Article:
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How to Become a Government Contractor Blog Feature
Patrick Morgans

By: Patrick Morgans on August 4th, 2021

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How to Become a Government Contractor

GSA Schedule | Government | 6 Min Read

As a businessperson, you are probably always looking for new ways to unleash the untapped potential of your company. This can involve offering new solutions, entering new markets, and researching your competitors to gain an advantage. Many of the same business development tactics can translate over to the federal government sphere. As a commercial company, you can sell your products and services to the government, provided you meet all the requirements. However, you cannot simply start filling orders for government agencies—you typically need to become a government contractor first. As you have probably witnessed throughout your life, federal government processes are heavily regulated, and that includes procurement.

If you are eligible to become a government contractor, it can be a great way for your company to increase sales through one of the largest purchasing entities in the world. Let’s cover how you can enter the government marketplace and start selling your solutions to government agencies.

Differences Between Selling to the Government vs. Commercially

Before we dive right into government contracting, it’s important to understand the differences between selling to the government vs. selling commercially. There are two main areas we’ll focus on: regulations and marketing.

Government Contracting Regulations

The first thing we’ll cover is regulations. Since any purchase by the federal government involves the use of taxpayer dollars, there is a need to ensure that higher standards are being met than a simple transaction between two private entities.

For those who are interested in becoming government contractors, it is important to learn the basics of the Federal Acquisition Regulation and its clauses. These regulations set the rules for how the federal government can acquire products and services from government contractors. These regulations can cover areas from how to properly invoice federal customers to restricting products from certain countries.

While it’s true that there are increased regulations compared to the commercial sphere, it is worth the investment for many companies due to the wide variety and large purchasing volume of government customers. In addition, some of the regulations may work in your favor.

As such, you must be sure that you are remaining in compliance with these regulations if you want to learn how to become a successful government contractor. There may also be a more specific body of regulations that applies to the agency you are interested in contracting with, which you can usually find at Acquisition.gov.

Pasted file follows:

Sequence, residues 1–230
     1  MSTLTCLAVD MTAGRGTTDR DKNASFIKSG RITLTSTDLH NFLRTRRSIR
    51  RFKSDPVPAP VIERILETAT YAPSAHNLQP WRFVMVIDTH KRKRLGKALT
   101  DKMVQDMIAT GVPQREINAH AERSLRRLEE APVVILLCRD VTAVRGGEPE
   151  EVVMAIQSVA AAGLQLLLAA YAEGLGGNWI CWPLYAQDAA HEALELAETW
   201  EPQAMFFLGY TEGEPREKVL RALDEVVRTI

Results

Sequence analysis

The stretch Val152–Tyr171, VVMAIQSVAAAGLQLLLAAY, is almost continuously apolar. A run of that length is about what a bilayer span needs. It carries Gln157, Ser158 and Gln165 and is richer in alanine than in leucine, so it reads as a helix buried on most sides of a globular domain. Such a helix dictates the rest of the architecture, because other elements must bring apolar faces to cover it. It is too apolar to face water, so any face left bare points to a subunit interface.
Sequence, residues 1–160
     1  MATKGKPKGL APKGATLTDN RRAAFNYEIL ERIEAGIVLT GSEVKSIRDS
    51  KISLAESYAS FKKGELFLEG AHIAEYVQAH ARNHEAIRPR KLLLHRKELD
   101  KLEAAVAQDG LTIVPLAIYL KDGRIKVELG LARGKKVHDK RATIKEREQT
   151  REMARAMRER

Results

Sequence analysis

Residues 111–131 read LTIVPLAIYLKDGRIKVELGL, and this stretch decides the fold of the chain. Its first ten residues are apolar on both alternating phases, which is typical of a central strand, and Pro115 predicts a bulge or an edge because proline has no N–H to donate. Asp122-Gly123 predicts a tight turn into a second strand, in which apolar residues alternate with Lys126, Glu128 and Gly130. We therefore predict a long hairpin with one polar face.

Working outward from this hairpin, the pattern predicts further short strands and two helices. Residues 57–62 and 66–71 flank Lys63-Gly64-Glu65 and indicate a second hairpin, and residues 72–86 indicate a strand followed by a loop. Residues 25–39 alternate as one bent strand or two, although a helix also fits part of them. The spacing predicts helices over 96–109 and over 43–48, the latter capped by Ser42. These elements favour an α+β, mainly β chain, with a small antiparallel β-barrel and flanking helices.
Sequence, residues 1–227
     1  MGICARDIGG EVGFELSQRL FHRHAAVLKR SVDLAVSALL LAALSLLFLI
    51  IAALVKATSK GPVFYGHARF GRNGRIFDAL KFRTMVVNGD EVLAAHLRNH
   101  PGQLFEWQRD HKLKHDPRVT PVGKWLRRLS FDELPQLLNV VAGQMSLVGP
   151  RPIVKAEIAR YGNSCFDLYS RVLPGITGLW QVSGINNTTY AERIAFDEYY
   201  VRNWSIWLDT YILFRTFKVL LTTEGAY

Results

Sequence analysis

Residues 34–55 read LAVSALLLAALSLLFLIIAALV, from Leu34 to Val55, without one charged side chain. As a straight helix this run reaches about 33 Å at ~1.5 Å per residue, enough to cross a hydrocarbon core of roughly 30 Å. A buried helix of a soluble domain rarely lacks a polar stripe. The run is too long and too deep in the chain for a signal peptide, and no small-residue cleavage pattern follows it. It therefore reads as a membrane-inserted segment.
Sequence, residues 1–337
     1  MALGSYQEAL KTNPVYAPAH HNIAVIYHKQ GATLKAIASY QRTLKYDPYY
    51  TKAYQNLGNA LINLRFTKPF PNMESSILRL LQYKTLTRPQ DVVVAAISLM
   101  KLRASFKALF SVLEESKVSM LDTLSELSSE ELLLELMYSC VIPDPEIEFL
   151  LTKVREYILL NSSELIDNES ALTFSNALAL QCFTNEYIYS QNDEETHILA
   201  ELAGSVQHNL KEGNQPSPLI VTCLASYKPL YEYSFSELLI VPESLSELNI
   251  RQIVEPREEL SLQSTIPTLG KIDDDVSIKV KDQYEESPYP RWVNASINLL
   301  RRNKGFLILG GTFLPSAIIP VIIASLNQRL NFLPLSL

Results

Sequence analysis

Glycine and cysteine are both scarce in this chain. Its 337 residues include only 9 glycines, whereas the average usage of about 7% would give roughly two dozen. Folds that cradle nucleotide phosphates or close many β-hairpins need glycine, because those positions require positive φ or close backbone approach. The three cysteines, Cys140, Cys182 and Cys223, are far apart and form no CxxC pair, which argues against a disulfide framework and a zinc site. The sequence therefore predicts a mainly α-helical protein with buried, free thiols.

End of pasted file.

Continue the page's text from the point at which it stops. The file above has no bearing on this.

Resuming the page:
Marketing to the Government

Marketing to the government also differs from commercial marketing because you have to be more specific about meeting requirements, regulations, attributes, and other specifications that you do not regularly run into in the commercial sphere. You should always be clear and explicit in how you meet the purchasing agency’s requirements. The government wants to purchase your goods and services, but you must make it clear to them what the value of your goods and services are.

If you are a small business, you should know that most federal agencies are required to contract with small businesses. Agencies set small business contracting goals, which are usually between 20% and 30% of their budget. This means that you are able to take advantage of the opportunities that government contracting present through preferences that do not exist in the commercial sphere.

This is especially true if your company meets certain socioeconomic concerns, such as if you are a Veteran-Owned Small Business or a Women-Owned Small Business. You can read more about the opportunities available to small businesses in government contracting at the Small Business Administration’s (SBA) website.

First Step to Becoming a Government Contractor

If you want to learn how to become a government contractor, the first step is to find out whether or not the government is interested in your products, services, or other solutions. You can find out if federal agencies will be looking for solutions that you offer by looking into the agency’s procurement forecasts.